Few words fill banks with more dread these days than fintech, the growing bevy of unregulated upstarts mucking about in their business patch. In China, where lenders have quite enough on their plates, they must be feeling positively schizophrenic.
On the one hand, Beijing is cracking down on peer-to-peer lenders and crowdfunding operators. On the other, authorities are letting the payment platforms of tech giants Alibaba and Tencent raise more money. Lufax in January completed a fundraising round that values it at $18.5 billion.
Once encouraged as an easier way for small-business owners to raise capital, P2P lenders have, at least in some quarters, fallen out of favor. About 1,000 have gone belly up, most notably Ezubao, whose executives squandered almost $8 billion, including 12 million yuan ($1.8 million) on a pink-diamond ring.
In March, authorities began to push back on many of the crowdfunding businesses that were giving down-payments to high-risk borrowers, a source of the runaway real-estate prices seen in cities such as Shenzhen. Last month, the government suspended the registration of new companies with ``finance'' in their name, and this week, Bloomberg News reported that some online lenders are being ordered to break leases and move out of busy street storefronts lest their presence spark social unrest.
According to DBS Vickers analyst Shujin Chen, P2P loans in China total about 600 billion yuan. That's still a tiny number compared to the advances of traditional financial institutions, but they're starting to feel the heat. Bank of Tianjin, which recently made its trading debut in Hong Kong, said in its prospectus that ``similar to other commercial banks,'' it too faces competition from P2P outfits.
The P2P phenomenon also comes at a time bad loans in China are near the highest in a decade and state-owned banks are setting aside less capital to account for that soured debt.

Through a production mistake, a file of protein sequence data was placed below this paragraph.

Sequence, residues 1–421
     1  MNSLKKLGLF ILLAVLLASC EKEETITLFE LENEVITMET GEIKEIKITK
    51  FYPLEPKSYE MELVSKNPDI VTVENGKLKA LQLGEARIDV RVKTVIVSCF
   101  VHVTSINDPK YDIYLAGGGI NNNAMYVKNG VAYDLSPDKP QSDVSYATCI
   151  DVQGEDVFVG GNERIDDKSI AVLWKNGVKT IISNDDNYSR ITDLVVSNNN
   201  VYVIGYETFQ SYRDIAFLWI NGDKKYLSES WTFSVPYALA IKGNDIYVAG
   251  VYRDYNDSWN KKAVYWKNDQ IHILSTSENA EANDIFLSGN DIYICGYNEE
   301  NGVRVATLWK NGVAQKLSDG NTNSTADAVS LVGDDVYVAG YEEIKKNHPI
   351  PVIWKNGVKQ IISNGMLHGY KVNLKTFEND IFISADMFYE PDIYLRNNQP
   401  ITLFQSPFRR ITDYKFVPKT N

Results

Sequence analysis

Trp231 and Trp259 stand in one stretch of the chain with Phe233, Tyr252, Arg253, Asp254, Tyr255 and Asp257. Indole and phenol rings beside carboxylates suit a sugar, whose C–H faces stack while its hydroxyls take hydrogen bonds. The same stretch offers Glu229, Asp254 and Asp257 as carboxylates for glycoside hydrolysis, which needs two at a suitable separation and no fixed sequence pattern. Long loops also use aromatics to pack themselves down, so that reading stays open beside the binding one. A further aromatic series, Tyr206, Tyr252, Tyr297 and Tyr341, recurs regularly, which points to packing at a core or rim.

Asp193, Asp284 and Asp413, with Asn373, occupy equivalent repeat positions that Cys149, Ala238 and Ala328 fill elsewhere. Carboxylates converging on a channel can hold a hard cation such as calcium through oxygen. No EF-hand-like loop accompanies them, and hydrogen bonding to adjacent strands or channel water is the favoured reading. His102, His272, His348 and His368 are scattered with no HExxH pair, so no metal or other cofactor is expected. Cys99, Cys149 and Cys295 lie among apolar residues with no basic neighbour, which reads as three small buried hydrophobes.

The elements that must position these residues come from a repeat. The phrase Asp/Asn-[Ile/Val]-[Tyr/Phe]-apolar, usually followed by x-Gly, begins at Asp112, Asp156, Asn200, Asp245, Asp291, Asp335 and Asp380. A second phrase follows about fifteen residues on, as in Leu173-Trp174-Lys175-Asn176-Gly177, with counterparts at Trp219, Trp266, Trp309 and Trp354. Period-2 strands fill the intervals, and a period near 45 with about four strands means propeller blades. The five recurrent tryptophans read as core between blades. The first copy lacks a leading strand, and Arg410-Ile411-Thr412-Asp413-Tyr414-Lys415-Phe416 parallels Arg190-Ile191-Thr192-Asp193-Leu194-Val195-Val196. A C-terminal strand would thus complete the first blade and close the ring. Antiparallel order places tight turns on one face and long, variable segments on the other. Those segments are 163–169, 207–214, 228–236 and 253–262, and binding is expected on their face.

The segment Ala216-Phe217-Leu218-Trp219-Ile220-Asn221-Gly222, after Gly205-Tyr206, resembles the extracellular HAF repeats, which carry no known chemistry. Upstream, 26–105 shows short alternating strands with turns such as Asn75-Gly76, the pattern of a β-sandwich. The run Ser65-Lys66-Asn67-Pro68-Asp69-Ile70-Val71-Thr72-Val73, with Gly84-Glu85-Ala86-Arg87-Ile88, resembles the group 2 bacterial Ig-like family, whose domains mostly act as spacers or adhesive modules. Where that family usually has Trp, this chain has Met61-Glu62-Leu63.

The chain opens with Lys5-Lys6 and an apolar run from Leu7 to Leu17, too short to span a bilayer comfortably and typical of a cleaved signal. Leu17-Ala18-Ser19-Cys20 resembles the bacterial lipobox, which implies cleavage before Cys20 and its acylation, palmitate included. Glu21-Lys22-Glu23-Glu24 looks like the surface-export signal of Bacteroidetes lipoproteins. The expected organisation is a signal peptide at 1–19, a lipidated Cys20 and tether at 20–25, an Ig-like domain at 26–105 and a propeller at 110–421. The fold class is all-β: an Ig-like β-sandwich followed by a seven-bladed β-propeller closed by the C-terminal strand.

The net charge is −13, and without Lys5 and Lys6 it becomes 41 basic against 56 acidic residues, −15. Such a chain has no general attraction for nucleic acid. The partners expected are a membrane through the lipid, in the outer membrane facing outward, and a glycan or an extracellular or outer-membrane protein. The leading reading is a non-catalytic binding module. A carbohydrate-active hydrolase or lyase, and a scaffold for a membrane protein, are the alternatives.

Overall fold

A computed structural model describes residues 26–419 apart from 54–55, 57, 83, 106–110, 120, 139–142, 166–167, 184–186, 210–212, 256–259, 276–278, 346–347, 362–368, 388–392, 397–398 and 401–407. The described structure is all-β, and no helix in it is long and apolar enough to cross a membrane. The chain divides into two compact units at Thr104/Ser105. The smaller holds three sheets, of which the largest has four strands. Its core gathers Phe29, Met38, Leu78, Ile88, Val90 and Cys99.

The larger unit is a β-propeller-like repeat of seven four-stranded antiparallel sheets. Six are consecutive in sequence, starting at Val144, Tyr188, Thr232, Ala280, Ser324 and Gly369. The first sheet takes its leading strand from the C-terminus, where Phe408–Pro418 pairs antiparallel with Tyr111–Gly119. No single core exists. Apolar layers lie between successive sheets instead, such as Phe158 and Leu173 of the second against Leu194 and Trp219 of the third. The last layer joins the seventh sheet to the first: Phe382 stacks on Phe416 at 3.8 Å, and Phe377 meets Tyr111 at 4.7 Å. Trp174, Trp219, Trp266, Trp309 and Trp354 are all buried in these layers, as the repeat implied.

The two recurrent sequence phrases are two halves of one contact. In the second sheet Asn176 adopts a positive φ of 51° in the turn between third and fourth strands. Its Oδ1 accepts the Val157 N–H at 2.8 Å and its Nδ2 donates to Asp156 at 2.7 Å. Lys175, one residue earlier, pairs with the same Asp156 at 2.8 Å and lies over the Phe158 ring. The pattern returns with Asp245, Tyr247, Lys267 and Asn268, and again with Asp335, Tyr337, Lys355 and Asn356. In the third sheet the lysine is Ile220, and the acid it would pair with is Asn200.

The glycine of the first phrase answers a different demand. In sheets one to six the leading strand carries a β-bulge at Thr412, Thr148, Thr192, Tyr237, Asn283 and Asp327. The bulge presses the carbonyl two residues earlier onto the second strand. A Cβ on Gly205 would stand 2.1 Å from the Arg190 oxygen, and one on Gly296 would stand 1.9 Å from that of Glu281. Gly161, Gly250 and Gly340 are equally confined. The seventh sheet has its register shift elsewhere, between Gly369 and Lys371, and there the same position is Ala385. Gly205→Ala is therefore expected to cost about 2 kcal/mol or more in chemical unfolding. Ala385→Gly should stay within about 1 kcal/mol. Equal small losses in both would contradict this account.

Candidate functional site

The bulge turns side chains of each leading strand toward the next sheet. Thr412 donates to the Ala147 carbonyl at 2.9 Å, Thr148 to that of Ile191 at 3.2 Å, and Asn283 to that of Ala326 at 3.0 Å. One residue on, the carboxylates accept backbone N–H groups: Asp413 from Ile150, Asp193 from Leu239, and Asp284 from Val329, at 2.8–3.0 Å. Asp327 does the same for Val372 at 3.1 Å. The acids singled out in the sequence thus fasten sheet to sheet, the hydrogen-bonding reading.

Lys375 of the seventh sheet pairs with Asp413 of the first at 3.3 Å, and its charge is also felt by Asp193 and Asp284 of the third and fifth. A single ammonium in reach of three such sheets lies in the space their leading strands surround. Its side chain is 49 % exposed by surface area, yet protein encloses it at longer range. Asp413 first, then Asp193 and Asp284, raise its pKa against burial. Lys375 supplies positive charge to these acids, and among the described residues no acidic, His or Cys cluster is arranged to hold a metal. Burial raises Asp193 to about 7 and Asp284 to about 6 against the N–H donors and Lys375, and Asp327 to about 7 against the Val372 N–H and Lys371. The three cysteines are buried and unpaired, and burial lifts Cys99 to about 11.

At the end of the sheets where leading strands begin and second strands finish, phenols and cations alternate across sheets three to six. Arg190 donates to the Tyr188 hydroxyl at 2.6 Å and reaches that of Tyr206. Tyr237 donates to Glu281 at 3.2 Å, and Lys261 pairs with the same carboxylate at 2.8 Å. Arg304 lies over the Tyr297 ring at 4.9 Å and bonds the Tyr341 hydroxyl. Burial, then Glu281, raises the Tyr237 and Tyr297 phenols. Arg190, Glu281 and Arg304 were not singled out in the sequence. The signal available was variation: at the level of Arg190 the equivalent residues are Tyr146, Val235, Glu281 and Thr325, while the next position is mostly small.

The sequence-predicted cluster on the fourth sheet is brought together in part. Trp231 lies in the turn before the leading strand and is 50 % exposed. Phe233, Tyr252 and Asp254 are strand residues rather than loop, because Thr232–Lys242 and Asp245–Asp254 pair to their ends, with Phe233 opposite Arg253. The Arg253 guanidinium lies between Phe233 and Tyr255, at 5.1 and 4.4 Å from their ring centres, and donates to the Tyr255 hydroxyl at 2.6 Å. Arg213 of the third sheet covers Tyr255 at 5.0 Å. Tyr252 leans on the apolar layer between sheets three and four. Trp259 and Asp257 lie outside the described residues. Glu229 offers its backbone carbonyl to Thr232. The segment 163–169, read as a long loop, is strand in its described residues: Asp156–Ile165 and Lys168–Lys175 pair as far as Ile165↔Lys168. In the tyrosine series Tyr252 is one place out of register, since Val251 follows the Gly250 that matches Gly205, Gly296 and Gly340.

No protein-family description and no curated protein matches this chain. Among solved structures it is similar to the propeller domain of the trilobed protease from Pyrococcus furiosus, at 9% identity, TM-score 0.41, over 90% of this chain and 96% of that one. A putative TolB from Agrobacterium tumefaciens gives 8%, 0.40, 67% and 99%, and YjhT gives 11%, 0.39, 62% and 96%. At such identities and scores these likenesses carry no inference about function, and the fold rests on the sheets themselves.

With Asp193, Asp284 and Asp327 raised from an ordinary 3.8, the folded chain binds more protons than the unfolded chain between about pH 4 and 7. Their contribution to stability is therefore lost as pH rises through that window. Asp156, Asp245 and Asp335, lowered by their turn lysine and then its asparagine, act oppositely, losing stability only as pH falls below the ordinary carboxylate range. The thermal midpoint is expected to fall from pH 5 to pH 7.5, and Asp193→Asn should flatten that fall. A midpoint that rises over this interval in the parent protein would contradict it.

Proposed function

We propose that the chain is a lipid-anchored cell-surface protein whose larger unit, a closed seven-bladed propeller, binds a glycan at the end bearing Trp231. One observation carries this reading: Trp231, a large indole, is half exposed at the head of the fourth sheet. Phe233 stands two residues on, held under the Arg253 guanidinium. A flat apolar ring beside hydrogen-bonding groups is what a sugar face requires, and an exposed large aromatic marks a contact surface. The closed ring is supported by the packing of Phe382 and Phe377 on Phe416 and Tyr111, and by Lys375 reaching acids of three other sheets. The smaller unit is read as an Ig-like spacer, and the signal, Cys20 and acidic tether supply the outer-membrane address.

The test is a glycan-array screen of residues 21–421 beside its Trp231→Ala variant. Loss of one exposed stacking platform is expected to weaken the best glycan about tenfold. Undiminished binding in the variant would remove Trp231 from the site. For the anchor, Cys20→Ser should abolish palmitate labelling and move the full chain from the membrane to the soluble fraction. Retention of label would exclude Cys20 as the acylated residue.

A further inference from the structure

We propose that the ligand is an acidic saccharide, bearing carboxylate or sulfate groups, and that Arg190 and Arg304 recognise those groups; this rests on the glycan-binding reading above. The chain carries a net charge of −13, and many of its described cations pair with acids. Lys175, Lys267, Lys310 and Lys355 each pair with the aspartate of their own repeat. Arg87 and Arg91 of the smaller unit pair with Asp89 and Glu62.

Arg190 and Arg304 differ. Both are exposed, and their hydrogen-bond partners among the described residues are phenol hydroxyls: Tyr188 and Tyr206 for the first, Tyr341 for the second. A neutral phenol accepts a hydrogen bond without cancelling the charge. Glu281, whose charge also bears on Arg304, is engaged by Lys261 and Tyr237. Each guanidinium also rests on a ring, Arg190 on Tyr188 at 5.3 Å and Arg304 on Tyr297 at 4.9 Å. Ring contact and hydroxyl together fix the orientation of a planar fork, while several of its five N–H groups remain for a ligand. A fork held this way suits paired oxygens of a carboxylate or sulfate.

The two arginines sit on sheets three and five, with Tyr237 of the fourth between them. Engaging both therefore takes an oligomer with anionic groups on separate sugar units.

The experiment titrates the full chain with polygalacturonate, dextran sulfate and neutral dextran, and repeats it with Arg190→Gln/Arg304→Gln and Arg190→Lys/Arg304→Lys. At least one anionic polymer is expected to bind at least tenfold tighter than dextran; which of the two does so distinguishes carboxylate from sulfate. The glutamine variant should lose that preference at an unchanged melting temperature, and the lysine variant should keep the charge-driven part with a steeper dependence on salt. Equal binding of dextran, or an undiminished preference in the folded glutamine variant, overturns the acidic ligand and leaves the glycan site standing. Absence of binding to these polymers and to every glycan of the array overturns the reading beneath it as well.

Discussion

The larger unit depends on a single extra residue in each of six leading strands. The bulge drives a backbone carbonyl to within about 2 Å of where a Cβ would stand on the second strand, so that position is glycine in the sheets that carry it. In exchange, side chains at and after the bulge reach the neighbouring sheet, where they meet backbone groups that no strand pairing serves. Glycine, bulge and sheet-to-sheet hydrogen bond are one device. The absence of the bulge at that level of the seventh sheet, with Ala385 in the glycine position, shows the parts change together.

Yet for all the negative noises, Beijing is championing the Internet for many kinds of transactions that were once the domain of banks. Its Internet Plus Circulation action plan, unveiled in April, will boost infrastructure for third-party payment services, giving a fillip to fintech players like Alibaba and Tencent.
Money also continues to pour into fintech startups: In the first three months of 2016, Asia-Pacific fintech investments soared more than 500 percent to $2.7 billion, driven almost entirely by China, data from Accenture show. They're popular too; as of March 31, Ping An Insurance-owned Lufax had 21.1 million registered users, up from 18.3 million at the end of 2015.
As Citigroup analysts said in a recent note, in China, unlike in the U.S. or Europe, fintech is ``well past the tipping point of disruption.'' Alibaba's Alipay and Tencent's Tenpay now have more clients than many of the country's top banks. Alipay handles three times the volumes of PayPal.
With so much at stake, perhaps it's time Beijing stopped oscillating between supporting fintech one day and demonizing it the next. Confused banks are never a good thing.
This column does not necessarily reflect the opinion of Bloomberg LP and its owners.
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